Existing open-source comparative genomic tools for haploid NGS data analysis include Galaxy and BRESEQ. Galaxy ( is a popular NGS tool that does not require any knowledge of Linux. The web-based version of Galaxy is particularly useful for small-scale analyses. Other advantages of Galaxy include its standardised outputs, frequent developer updates, cloud-based computer resource availability, and the ability to install the program locally where data privacy is of concern. The main limitation of Galaxy is the hands-on time required to construct an analysis pipeline, especially the need to manually optimise the filtering and data processing steps.

BRESEQ[19] is a command line tool implemented in C++ and R that is useful for finding variants (SNPs, indels, large deletions and new junctions supported by mosaic reads) relative to a closely related reference genome. Comparison of BRESEQ and SPANDx outputs in the current study demonstrated that both programs gave almost identical SNP and indel outputs, suggesting that both tools excel for this purpose. However, less consensus was found when identifying large deletion boundaries, with SPANDx overestimating deleted regions in 3/5 cases due to paralogous IS element loci flanking these regions, which cannot be mapped with short-read NGS data. BRESEQ has an additional advantage over SPANDx in its ability to identify larger (> ~20 bp) insertions, as SPANDx is not currently configured for this purpose. However, unlike SPANDx, BRESEQ is not appropriate for WGS analysis of more distantly related genomes or for medium- to large-scale datasets. Due to its lack of parallel processing, users of BRESEQ are limited to a reference genome of <20 Mb, an average genome coverage of <20×, and <1,000 expected mutations, and many comparative genomic functions are yet to be incorporated into its pipeline. BRESEQ also requires considerably more hands-on time to merge variant files than SPANDx and is thus not practical to use for more than a handful of genomes.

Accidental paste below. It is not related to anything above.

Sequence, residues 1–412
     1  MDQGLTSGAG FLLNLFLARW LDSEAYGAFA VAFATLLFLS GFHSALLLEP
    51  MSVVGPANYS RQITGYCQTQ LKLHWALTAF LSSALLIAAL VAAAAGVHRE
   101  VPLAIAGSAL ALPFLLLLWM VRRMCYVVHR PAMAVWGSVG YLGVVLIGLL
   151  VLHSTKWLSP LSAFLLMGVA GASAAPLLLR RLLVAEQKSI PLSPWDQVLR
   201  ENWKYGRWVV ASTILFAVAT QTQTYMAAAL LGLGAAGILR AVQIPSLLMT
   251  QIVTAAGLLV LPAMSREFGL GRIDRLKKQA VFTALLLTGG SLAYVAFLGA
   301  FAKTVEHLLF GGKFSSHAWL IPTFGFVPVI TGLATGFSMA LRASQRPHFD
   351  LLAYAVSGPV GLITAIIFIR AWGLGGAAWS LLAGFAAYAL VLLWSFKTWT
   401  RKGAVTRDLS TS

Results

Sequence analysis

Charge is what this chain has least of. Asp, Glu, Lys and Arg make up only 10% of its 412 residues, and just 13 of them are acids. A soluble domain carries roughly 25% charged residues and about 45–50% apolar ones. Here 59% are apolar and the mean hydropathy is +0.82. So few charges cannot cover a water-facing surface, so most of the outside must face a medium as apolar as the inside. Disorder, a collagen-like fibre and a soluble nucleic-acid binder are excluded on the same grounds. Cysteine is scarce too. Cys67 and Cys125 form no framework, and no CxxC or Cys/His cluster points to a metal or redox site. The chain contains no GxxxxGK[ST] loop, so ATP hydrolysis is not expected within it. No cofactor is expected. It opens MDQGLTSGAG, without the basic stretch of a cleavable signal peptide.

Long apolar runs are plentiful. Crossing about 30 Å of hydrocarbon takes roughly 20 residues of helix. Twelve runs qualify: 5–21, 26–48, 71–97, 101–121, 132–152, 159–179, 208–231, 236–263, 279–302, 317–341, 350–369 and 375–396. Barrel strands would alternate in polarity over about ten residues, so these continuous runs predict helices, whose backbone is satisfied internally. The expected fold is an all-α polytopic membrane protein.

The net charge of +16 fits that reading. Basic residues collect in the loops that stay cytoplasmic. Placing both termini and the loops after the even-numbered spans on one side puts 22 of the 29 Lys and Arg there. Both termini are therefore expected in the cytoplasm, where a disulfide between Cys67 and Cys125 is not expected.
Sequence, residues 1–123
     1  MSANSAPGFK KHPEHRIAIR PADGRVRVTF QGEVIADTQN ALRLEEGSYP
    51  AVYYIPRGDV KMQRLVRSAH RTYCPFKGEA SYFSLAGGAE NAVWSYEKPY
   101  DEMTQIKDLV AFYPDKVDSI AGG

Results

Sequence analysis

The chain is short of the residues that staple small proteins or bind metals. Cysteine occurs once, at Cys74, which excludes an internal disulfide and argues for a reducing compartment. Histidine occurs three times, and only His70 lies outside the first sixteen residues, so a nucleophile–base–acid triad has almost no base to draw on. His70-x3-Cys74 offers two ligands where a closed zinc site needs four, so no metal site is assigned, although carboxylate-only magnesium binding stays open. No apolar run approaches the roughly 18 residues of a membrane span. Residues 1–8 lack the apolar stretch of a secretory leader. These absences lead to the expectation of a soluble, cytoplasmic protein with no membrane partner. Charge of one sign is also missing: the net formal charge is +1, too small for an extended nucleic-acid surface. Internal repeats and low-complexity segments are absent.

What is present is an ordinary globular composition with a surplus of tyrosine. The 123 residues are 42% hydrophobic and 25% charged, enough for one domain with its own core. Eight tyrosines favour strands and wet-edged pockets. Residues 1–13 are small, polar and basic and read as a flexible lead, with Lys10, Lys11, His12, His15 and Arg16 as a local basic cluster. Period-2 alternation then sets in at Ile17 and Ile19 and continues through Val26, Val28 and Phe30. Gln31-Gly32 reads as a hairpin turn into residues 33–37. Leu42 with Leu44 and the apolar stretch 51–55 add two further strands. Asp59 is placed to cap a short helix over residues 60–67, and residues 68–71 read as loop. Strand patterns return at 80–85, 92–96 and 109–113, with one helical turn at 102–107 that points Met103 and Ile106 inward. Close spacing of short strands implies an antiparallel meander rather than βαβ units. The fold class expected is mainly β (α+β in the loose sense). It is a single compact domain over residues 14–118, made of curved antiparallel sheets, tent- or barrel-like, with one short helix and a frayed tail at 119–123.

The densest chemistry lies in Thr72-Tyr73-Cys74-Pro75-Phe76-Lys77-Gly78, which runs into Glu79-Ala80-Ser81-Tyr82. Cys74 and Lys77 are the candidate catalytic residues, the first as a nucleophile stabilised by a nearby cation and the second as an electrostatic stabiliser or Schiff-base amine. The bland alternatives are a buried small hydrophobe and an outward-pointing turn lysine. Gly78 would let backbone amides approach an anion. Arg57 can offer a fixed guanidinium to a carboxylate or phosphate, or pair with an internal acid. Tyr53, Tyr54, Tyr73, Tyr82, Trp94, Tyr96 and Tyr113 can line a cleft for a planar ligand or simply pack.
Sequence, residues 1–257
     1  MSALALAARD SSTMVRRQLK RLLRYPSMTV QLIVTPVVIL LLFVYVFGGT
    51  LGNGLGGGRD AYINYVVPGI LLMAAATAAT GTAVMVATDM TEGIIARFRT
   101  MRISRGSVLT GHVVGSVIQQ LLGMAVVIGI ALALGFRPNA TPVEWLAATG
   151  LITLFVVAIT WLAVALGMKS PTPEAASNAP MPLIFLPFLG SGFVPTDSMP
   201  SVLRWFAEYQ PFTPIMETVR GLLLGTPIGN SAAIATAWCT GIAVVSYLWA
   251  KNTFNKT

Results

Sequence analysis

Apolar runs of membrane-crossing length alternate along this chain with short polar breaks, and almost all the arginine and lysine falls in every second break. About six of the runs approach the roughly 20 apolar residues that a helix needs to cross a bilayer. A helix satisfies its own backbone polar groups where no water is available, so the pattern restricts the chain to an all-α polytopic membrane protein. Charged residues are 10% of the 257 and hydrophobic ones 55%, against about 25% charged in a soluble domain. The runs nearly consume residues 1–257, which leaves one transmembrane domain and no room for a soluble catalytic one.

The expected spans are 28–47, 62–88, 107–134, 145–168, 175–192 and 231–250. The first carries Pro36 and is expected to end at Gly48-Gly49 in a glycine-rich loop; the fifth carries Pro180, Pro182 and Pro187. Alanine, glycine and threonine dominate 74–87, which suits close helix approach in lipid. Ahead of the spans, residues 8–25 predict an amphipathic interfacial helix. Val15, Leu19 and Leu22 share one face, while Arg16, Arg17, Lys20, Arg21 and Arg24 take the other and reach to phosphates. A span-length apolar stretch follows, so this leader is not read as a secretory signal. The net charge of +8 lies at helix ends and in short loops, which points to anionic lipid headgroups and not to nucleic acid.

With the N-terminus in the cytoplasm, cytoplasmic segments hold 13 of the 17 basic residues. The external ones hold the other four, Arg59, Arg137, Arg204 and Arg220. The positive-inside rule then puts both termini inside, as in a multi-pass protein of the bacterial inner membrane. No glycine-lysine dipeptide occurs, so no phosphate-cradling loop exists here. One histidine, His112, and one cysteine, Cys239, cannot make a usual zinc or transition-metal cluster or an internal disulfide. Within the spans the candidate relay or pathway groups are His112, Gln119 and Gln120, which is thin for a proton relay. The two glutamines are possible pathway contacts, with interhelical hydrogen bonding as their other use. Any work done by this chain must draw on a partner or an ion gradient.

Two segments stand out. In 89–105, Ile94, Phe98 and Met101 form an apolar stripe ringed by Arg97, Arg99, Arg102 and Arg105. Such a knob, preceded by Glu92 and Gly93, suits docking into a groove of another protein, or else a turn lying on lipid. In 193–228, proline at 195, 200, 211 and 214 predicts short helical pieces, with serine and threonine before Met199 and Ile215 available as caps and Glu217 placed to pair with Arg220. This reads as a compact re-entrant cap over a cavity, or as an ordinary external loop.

SPANDx has other advantages over existing tools and pipelines, including error-corrected SNP and indel matrices. To minimise effort and to standardise outputs across studies, SPANDx variant calling parameters have been optimised on our bacterial NGS datasets but can be customised to the user’s preference. Using default settings, we have demonstrated that SPANDx performs comparably for SNP calling across Illumina MiSeq/HiSeq2000- and Ion PGM-generated data. To the best of our knowledge, other pipelines have not been tested and validated across multiple NGS platforms.

Recognised shortcomings of SPANDx include the inability to identify SNP variation in paralogous regions, or inversions, although these issues were also identified in BRESEQ and are the result of NGS data and not an inherent shortcoming of these programs. Currently, SPANDx requires PBS to perform parallel processing and cannot be run on systems that do not possess this software. To increase the utility of SPANDx future versions will include the ability to run this pipeline with multiple resource handlers. Although SPANDx uses BEDTools for identifying large deletions, this program does not accurately pinpoint the exact positions of large deletions and further analysis is needed. SPANDx currently does not contain tools for identifying large insertions. For those wishing to identify chromosomal rearrangements or large (>20 bp) insertions, or to accurately characterise large deletions, it is recommended that genome assemblies are used instead of SPANDx (or similar programs).


The NGS era has enabled researchers to generate unprecedented amounts of genomic data, but there remains a bottleneck in analysis. Genomic analysis pipelines such as SPANDx provide a streamlined way of decoding these data without the requirement for researchers to “reinvent the wheel” or learn multiple NGS programs. SPANDx is currently written to handle only haploid re-sequencing datasets. However, future development of SPANDx will include the ability to use other resource handlers (e.g. SGE), de novo assembly of accessory genome components from unaligned reads, de novo and reference-assisted genome assemblies, tools for insertion and chromosomal rearrangement detection and the ability to analyse diploid NGS data e.g. the human genome.